Three years ago — almost to the day — Panasonic announced the 12-megapixel Lumix FZ200, a 24x zoom camera with a constant f2.8 aperture. For its successor, the new FZ300, those are the only things that remain unchanged.
The constant aperture made the FZ200 a standout, letting you use its 25-600mm lens indoors or in low-light without immediately resorting to noise-inducing high ISO settings or slow shutter speeds resulting in motion blur, among other things. The f2.8 25-600mm lens is an advantage the FZ200 has and now the FZ300 will have over all other cameras in this class for the moment.
What the FZ200 doesn’t have is the FZ300’s dust- and splashproof body. It’s not made of magnesium alloy, like Sony’s 8.3x zoom RX10, but frankly, 691 grams (1.5 pounds) is heavy enough. CurrentlyFujifilm’s 50x zoom FinePix S1 is the only other option for a weather-resistant megazoom with a 1/2.3-inch sensor.
Adding to that, Panasonic dropped in a new image processor to bring 4K video (3,840×2,160 at 30 or 24 frames per second) in MP4 format in addition to 1080p at 60 frames per second in AVCHD Progressive or MP4 (MPEG-4/H.264) formats with full-time autofocus. Like the company’s other 4K-capable cameras, the FZ300 has a 4K photo mode, which basically gets you 8-megapixel photos shot at 30 pictures per second so you never miss a shot.
Helping keep your photos blur-free and movies steady, Panasonic’s added its 5-axis hybrid optical image stabilization. It combines electronic and mechanical to compensate for camera shake. The mix worked well for Panasonic’s higher-end FZ1000, so you should be able to shoot at slower shutter speeds handheld, even zoomed in.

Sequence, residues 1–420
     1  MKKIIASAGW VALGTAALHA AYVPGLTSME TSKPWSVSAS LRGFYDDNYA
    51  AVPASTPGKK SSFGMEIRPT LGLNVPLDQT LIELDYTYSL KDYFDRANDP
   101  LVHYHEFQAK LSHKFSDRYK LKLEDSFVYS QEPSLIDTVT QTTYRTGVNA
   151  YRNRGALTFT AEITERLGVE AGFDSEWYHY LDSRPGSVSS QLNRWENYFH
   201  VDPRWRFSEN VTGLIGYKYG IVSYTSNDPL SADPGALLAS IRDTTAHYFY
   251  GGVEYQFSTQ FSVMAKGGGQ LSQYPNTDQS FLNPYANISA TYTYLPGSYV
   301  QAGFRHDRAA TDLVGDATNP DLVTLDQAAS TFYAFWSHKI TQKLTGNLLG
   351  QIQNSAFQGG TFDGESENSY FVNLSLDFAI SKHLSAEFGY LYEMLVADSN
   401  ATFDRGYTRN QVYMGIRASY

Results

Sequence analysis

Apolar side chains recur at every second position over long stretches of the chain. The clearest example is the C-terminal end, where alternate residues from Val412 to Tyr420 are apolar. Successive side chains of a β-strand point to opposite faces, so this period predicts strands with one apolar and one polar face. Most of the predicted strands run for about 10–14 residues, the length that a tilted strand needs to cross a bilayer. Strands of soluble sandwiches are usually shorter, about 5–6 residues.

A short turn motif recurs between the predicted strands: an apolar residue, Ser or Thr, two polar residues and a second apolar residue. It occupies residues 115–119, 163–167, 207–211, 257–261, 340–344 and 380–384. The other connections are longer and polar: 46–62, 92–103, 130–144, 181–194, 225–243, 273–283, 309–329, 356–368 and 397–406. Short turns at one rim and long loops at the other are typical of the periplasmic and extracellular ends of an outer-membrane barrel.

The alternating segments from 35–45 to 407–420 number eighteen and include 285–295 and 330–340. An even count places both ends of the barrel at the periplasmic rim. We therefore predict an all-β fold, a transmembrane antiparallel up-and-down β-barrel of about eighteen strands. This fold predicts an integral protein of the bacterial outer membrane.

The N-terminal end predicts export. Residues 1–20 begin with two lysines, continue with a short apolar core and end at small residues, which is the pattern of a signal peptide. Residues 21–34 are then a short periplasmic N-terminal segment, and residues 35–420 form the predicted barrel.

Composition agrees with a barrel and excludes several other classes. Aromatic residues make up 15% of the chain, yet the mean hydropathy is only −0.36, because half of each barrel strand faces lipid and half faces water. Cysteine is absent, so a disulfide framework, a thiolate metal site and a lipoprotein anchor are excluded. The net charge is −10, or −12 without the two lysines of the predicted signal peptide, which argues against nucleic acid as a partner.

The FZ200 was one of the fastest cameras in the category when it came out and Panasonic is promising this model will be considerably faster. The FZ300 uses Panasonic’s DFD (depth from defocus) technology, also found in the FZ1000, which assists the camera’s contrast-detection autofocus system by calculating the distance to a subject at a very high speed so that the focus accurately locks onto a target in approximately 0.09-second.
Mechanical shutter speeds can now reach 1/4,000 seccond at the wide end and 1/3,200 second fully zoomed in to 600mm and at 1/16,000 second using the electronic shutter.
Panasonic also beefed up the electronic viewfinder with a 0.39-inch 1,440K-dot OLED display with a 100 percent field of view in 4:3 aspect with a 0.7x magnification (35mm equivalent). And there’s a proximity sensor to automatically switch between the 3-inch free-angle touchscreen and the EVF when you bring it to your eye.
Additional features include built-in Wi-Fi; improved noise reduction and color reproduction; increased sensitivity to ISO 6400; and raw and raw plus JPEG image capture.
The Panasonic Lumix DMC-FZ300 will be in stores in October for $599.99. Pricing and availability wasn’t immediately available for the UK and Australia, but if it’s priced the same as the FZ200 at launch it will be £499.99 and AU$799.99.